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Minister of Health Mark Holland rises during Question Period in the House of Commons on Parliament Hill in Ottawa on Feb. 29.Justin Tang/The Canadian Press

Saskatchewan and Ottawa announced Monday a deal to infuse $560 million into the province’s health system, which they say will help shorten wait times and create better access.

“The federal funding commitment will build on provincial investments and help accelerate and expand initiatives already under way to meet the health needs of a growing province, build stronger health teams and modernize the health system,” Everett Hindley, Saskatchewan’s health minister, said in a news release.

Almost $391 million is through a bilateral agreement to support Saskatchewan’s three-year action plan to improve health care by creating better access to services, including acute and urgent care, and to reduce backlogs.

It is also to expand access to culturally appropriate mental-health and substance-use support.

More than $169 million under a separate agreement is to go to Saskatchewan’s five-year plan to enhance home, community and long-term care for seniors. It is also to increase the number of health professionals to help patients and support palliative care.

Hindley said the funds will help the province continue working toward a more efficient health-care system.

“What this does is it helps support a number of initiatives, some that are already under way,” Hindley said during an announcement of the deal in Regina.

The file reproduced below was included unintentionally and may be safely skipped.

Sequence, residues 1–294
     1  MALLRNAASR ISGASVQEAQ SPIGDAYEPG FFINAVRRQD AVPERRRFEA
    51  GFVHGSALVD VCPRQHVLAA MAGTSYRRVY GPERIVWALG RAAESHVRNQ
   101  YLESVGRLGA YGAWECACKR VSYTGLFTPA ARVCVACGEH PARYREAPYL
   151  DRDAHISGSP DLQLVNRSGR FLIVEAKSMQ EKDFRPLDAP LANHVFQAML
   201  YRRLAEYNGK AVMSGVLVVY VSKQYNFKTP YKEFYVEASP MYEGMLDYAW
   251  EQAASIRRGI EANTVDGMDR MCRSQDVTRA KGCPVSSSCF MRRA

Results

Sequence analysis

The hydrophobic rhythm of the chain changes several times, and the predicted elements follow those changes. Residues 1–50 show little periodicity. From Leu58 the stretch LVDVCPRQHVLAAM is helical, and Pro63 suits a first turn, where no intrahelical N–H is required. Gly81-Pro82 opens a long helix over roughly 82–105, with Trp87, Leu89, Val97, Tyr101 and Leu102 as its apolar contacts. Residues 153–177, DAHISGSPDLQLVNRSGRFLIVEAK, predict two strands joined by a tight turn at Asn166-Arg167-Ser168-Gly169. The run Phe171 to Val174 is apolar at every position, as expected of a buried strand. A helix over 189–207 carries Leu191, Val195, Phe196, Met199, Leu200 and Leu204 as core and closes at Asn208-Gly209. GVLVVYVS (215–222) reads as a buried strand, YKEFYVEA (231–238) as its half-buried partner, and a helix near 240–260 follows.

Last year, Ottawa announced $196 billion in funding over 10 years to improve access to health care. About $45 billion was new money.

That funding includes increases to the federal health transfer and $25 billion for tailored one-on-one agreements targeting specific needs in different jurisdictions.

Provinces and territories were asked to improve data sharing and measure progress in exchange for the injection of funds.

Federal Health Minister Mark Holland said Canadians deserve to get the health care they need, no matter their age or where they live.

“Tailored to Saskatchewan’s unique needs, this funding focuses on what matters most: better health care for the people of Saskatchewan,” Holland said in a release.

Most provinces have already signed on to the accord. Saskatchewan’s deal follows Manitoba, which signed on last month, British Columbia, Prince Edward Island, Alberta, Nova Scotia, Ontario and the Northwest Territories.

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